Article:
• 77 Metascore
    • 75 Roger Moore
    Blue Ruin joins “Shotgun Stories” and “Joe” as vivid reminders that however homogenized American culture seems, there are still pockets that are distinct, with people who live by their own rules and their own bloody code.
    • 66 Metascore
    • 75 Roger Moore
    Director Omid Nooshin gives this story harrowing touches largely through arresting camera angles and aggressive editing. He ensures that “Last Passenger” features a couple of jaw-dropping moments even as it traverse familiar ground.
    • 62 Metascore
    • 75 Roger Moore
    Writer-director Lucia Puenzo, adapting her own historical novel, concocts a disquieting and chilling thriller out of what might be a lost chapter in the infamous career of Nazi Doctor Joseph Mengele.
    • 81 Metascore
    • 75 Roger Moore
    Locke will hold your interest as it presents a side of the burly, bluff “Dark Knight” villain we have never seen before on screen.
    • 56 Metascore
    • 75 Roger Moore
    The film tells Annie Parker’s story with heart and wit, and finds a few funny insights into the stubborn, brusque woman, Dr. Mary-Claire King, whose lonely quest to find proof would bear fruit.
    • 77 Metascore
    • 75 Roger Moore
    The lack of urgency may bore those unused to Jarmusch’s style and pacing. But his languor is his calling card. The deliberate pacing makes the offhand jokes and dry observations seem funnier than they are, at least in this case. This borders on being “cute.” And dull.
    • 56 Metascore
    • 75 Roger Moore
    James McAvoy wallows in it in his new film, Filth. He embraces the sexual depravity, the drug and alcohol abuse, the bullying, vile language, racism and rank sexism of being a Scottish cop on the loose.
    • 68 Metascore
    • 75 Roger Moore
    Chef is Favreau’s most personal film since “Swingers,” an overlong comedy full of his food, his taste in music, his favorite places and a boatload of his favorite actors.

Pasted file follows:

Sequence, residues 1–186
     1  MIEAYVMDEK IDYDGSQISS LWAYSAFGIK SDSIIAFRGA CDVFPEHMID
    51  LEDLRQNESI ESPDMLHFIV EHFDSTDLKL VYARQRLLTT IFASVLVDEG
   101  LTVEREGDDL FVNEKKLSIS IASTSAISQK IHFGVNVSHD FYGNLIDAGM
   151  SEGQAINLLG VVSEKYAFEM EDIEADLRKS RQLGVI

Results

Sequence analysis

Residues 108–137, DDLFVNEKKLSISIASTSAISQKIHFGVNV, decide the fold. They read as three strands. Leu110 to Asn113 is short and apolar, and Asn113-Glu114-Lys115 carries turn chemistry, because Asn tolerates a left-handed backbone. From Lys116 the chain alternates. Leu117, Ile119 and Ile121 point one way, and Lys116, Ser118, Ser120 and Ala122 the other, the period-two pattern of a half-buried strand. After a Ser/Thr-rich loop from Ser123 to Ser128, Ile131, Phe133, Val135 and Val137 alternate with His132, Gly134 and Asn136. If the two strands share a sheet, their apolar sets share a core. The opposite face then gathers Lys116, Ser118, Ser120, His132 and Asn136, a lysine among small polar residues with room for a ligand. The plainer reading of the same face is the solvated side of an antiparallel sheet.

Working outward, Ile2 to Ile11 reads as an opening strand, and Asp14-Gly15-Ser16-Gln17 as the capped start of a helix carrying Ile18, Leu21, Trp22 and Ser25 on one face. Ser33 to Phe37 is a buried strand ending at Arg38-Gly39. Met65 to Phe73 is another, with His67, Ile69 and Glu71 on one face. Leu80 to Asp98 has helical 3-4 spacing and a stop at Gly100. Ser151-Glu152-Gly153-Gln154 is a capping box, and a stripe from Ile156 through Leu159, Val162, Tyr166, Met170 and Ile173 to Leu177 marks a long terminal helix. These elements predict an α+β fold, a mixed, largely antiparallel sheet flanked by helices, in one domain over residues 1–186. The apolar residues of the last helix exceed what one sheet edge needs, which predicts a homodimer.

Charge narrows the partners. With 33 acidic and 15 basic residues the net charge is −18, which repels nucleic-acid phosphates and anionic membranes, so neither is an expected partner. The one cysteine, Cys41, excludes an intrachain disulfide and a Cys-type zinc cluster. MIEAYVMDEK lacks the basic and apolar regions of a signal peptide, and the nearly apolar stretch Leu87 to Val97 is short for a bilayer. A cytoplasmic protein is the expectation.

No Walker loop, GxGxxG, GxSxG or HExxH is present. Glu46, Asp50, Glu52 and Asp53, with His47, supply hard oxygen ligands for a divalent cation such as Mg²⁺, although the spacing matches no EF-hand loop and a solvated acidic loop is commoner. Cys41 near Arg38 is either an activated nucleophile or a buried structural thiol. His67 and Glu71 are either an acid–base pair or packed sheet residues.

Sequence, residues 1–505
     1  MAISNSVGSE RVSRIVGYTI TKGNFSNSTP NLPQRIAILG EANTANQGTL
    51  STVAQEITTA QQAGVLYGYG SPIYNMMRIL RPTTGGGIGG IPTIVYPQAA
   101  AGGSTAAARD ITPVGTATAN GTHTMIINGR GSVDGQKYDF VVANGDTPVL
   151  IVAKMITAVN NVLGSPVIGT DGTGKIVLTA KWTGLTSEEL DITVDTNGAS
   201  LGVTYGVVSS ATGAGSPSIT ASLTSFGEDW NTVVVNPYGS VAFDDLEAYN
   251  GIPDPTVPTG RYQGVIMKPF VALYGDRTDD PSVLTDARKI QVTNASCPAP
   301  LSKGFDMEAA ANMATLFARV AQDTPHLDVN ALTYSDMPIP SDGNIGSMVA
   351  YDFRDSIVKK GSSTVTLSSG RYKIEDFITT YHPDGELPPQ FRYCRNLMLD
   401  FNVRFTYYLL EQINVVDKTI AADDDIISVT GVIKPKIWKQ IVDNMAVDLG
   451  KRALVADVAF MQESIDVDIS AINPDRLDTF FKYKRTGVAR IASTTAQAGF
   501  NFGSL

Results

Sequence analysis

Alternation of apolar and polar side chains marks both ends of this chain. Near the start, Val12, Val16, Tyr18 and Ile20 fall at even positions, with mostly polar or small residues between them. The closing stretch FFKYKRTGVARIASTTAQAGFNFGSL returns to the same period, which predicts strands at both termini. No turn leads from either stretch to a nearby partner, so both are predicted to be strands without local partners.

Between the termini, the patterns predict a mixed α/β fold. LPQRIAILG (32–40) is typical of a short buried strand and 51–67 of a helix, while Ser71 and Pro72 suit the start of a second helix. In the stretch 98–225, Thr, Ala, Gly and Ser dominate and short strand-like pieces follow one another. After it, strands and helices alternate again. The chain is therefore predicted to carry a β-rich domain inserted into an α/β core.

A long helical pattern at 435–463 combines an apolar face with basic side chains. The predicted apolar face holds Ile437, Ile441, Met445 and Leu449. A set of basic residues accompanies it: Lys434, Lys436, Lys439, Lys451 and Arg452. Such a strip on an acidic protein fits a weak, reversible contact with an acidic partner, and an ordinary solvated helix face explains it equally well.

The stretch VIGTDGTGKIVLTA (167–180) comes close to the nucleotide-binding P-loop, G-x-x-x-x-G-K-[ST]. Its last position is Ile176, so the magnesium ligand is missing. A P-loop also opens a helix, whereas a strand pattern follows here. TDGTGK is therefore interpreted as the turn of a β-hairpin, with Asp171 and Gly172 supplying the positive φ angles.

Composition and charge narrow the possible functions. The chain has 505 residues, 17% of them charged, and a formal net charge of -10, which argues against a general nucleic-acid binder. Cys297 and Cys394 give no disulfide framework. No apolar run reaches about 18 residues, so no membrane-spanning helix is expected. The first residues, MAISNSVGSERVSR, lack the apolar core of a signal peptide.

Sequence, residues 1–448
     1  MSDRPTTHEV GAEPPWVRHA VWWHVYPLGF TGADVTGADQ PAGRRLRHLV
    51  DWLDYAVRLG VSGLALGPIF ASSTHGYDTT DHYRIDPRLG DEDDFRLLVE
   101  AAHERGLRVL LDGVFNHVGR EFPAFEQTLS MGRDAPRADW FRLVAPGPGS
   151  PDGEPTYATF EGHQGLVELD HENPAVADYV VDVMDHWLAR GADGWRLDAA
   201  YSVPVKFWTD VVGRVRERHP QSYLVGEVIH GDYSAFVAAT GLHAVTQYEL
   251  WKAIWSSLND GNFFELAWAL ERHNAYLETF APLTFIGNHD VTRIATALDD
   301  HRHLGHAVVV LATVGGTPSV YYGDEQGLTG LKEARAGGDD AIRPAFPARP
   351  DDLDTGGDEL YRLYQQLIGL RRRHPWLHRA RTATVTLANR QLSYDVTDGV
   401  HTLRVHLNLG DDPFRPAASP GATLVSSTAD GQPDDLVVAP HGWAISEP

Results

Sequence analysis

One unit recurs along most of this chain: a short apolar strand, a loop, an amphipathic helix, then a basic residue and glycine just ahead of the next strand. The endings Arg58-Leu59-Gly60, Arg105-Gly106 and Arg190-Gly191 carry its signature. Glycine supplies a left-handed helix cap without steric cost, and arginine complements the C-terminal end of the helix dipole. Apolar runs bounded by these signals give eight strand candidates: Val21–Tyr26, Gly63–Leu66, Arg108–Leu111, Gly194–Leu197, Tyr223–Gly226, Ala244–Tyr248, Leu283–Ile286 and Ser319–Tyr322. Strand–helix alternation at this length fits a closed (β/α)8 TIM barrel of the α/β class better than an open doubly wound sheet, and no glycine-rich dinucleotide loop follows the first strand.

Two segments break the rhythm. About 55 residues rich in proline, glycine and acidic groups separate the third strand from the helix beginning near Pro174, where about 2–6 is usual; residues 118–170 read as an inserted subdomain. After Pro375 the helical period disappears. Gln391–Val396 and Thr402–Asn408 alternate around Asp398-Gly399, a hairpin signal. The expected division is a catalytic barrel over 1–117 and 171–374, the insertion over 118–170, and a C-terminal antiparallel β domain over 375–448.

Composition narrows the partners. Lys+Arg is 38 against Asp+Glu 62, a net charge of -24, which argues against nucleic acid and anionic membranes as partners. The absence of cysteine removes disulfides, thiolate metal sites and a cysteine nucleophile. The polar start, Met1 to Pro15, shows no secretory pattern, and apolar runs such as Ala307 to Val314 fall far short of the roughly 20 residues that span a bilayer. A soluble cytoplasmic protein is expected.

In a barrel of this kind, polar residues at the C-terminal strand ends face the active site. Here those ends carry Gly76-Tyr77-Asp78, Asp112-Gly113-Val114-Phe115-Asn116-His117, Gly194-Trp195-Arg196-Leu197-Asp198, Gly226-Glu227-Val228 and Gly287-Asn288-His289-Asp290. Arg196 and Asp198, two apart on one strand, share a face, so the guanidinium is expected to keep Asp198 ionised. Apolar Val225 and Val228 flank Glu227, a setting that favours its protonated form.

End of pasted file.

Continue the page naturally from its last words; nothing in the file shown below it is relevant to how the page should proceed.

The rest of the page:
• 45 Metascore
    • 75 Roger Moore
    Robert Duvall may be 83, but he’s still up to playing a real Texas hell raiser on the screen. He can hold his own with bad hombres.
    • 74 Metascore
    • 75 Roger Moore
    Days of Future Past is most everything we’d hoped the summer’s earlier popcorn pictures would be, most of all — fun.
    • 87 Metascore
    • 75 Roger Moore
    A scruffy, anarchic picture that gets better as it stumbles along.
    • 72 Metascore
    • 75 Roger Moore
    It’s almost a hagiography, and Vidal would have demanded no less.
    • 66 Metascore
    • 75 Roger Moore
    Borgman is a chilling, cryptic film that commands your attention even as its writer-director devotes much of his attention to keeping you from figuring it out.
    • 73 Metascore
    • 75 Roger Moore
    It’s the best Almodovar movie Almodovar never made, a riotous, gory farce that might be the funniest movie of the summer, and surely is the coolest.
    • 63 Metascore
    • 75 Roger Moore
    An engaging take on a drifting character at an age when we’re all adrift.
    • 71 Metascore
    • 75 Roger Moore
    This comedy produces the biggest, loudest laughs of any movie this summer.
    • 64 Metascore
    • 75 Roger Moore
    As violent and primal as “Animal Kingdom,” but not as brisk. The film grinds to a halt in between confrontations. And those shoot-outs are simple, direct and bloody, not “staged” in the Hollywood sense.